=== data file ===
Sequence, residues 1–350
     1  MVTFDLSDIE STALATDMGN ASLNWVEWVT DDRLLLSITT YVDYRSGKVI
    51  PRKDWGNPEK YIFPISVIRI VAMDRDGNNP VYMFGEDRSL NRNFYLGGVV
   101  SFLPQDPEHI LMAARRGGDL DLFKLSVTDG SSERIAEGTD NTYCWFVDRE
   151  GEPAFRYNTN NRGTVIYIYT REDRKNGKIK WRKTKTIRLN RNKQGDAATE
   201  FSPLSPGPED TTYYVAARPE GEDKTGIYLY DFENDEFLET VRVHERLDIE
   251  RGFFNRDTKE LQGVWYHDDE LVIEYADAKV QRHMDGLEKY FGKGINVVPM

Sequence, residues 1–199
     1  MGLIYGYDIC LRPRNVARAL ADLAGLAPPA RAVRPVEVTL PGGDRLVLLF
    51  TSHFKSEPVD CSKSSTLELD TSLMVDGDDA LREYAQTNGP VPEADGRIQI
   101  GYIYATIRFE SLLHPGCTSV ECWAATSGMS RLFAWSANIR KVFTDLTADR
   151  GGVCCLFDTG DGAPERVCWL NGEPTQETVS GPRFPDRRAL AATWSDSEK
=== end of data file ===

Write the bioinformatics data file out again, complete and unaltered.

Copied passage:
Sequence, residues 1–350
     1  MVTFDLSDIE STALATDMGN ASLNWVEWVT DDRLLLSITT YVDYRSGKVI
    51  PRKDWGNPEK YIFPISVIRI VAMDRDGNNP VYMFGEDRSL NRNFYLGGVV
   101  SFLPQDPEHI LMAARRGGDL DLFKLSVTDG SSERIAEGTD NTYCWFVDRE
   151  GEPAFRYNTN NRGTVIYIYT REDRKNGKIK WRKTKTIRLN RNKQGDAATE
   201  FSPLSPGPED TTYYVAARPE GEDKTGIYLY DFENDEFLET VRVHERLDIE
   251  RGFFNRDTKE LQGVWYHDDE LVIEYADAKV QRHMDGLEKY FGKGINVVPM

Sequence, residues 1–199
     1  MGLIYGYDIC LRPRNVARAL ADLAGLAPPA RAVRPVEVTL PGGDRLVLLF
    51  TSHFKSEPVD CSKSSTLELD TSLMVDGDDA LREYAQTNGP VPEADGRIQI
   101  GYIYATIRFE SLLHPGCTSV ECWAATSGMS RLFAWSANIR KVFTDLTADR
   151  GGVCCLFDTG DGAPERVCWL NGEPTQETVS GPRFPDRRAL AATWSDSEK